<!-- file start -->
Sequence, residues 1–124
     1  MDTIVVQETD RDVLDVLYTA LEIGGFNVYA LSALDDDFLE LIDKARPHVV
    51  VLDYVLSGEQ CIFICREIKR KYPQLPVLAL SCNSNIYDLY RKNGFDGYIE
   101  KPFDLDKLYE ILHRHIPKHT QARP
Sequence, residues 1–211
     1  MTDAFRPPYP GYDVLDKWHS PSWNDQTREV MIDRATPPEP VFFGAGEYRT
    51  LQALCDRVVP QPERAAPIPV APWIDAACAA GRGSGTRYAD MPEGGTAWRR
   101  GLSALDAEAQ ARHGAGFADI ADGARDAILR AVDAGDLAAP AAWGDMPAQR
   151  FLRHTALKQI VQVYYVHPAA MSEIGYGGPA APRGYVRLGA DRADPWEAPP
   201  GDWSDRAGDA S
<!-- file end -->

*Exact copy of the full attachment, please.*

Sequence, residues 1–124
     1  MDTIVVQETD RDVLDVLYTA LEIGGFNVYA LSALDDDFLE LIDKARPHVV
    51  VLDYVLSGEQ CIFICREIKR KYPQLPVLAL SCNSNIYDLY RKNGFDGYIE
   101  KPFDLDKLYE ILHRHIPKHT QARP
Sequence, residues 1–211
     1  MTDAFRPPYP GYDVLDKWHS PSWNDQTREV MIDRATPPEP VFFGAGEYRT
    51  LQALCDRVVP QPERAAPIPV APWIDAACAA GRGSGTRYAD MPEGGTAWRR
   101  GLSALDAEAQ ARHGAGFADI ADGARDAILR AVDAGDLAAP AAWGDMPAQR
   151  FLRHTALKQI VQVYYVHPAA MSEIGYGGPA APRGYVRLGA DRADPWEAPP
   201  GDWSDRAGDA S